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... mark so diligently , to cast up grass divers times , and other things more you
know better than I. What would you do then , I pray you ? Tox . Hit the mark if we
could . Phi . And doth every man go about to hit the mark at Tox . By my troth I
The weather and the mark ; yet the mark is ever under the rule of the weather .
Phi . Wherein standeth well handling of things ? Tox . Altogether within a man
himself : some handling is proper to instruments , some to the weather , some to
will alter , even in a minute , and at that one mark , and not at the other , and
trouble your shaft in the air , when you shall perceive no wind at the ground , as I
myself have seen shafts tumble aloft in a very fair day . There may be a fault also
The length or shortness of the mark is always under the rule of the weather , yet
somewhat there is in the mark , worthy to ... If the mark stand on a hill - side , or
the ground be unequal with pits and turning ways betwixt the marks , a man's eye
So that comeliness is the only judge of best looking at the mark . Some men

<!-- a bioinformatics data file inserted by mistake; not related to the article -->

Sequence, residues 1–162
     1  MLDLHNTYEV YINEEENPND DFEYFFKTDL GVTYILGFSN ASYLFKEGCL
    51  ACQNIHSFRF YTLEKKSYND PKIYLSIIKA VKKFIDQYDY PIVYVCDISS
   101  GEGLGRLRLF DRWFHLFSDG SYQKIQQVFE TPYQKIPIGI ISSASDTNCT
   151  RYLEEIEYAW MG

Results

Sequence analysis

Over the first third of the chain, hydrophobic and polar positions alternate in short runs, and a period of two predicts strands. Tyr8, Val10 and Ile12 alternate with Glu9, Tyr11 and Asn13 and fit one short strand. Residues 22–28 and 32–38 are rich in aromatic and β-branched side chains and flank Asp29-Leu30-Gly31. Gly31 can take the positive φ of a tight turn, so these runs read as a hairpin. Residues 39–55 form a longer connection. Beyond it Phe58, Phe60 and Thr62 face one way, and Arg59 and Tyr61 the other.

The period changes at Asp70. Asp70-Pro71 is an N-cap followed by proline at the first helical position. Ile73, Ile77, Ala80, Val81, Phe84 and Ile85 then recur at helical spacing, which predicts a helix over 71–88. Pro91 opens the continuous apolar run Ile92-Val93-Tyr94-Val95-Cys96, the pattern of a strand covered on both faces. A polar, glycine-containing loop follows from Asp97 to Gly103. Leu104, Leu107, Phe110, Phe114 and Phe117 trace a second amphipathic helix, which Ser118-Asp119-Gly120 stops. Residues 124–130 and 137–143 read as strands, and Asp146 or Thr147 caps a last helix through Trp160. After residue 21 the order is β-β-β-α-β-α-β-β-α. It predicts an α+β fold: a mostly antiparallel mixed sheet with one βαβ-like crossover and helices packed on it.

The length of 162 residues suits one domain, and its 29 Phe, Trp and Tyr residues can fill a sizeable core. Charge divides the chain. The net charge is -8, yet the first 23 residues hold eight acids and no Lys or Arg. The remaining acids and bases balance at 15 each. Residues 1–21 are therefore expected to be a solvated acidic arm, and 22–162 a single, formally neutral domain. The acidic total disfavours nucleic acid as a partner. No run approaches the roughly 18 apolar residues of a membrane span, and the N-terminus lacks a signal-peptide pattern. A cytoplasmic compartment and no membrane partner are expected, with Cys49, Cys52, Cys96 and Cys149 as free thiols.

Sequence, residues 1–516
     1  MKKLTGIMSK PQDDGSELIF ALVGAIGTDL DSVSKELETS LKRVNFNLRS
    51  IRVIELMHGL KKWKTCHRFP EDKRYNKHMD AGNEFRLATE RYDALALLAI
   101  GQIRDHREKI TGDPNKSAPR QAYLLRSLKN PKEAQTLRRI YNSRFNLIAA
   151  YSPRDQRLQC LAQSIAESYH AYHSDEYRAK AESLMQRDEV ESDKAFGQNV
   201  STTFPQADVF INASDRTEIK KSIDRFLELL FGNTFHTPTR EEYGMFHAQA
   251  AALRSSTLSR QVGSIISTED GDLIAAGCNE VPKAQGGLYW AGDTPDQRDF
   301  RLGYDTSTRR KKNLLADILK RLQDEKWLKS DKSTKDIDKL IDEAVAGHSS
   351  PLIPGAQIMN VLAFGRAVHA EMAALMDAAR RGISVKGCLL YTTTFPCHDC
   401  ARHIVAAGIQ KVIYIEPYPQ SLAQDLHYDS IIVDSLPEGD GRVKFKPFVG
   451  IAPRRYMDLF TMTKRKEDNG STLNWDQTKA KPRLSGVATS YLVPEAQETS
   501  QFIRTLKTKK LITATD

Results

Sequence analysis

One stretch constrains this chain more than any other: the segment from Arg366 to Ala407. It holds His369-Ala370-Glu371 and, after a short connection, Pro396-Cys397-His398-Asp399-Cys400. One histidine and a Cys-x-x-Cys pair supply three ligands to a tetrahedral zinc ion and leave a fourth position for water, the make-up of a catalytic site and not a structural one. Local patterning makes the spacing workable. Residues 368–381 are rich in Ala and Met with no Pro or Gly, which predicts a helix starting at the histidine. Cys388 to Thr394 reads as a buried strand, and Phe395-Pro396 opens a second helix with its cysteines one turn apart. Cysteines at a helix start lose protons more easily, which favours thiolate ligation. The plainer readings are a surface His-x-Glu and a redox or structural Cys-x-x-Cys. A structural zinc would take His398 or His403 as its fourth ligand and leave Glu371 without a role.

wonder why , in casting a man's eye at the mark , the hand should go straight :
surely if he considered the nature of a man's eye , he would not wonder at it : for
this I ...
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essential reading, from an observer in 'flat English' language at a time when world affairs centered in and around Vienna and were essentially continental.
Quoted as first liner in a fascinating book on Anglo-French Entente under le Grand Toy, Louis XIV and the Merry Monarch, Charles II.
Full of candor, at a time when the political discourse was still amenable to compromise and chivalry, gallantry, so Ascham's remarks letters oin the Habsburg Empire, hence to Metternich and his pickup by Henry Kissinger - show the long ptrocxessof diplomacy that is not necessarily mad policy.
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The English Works of Roger Ascham: Preceptor to Queen Elizabeth
No preview available - 2020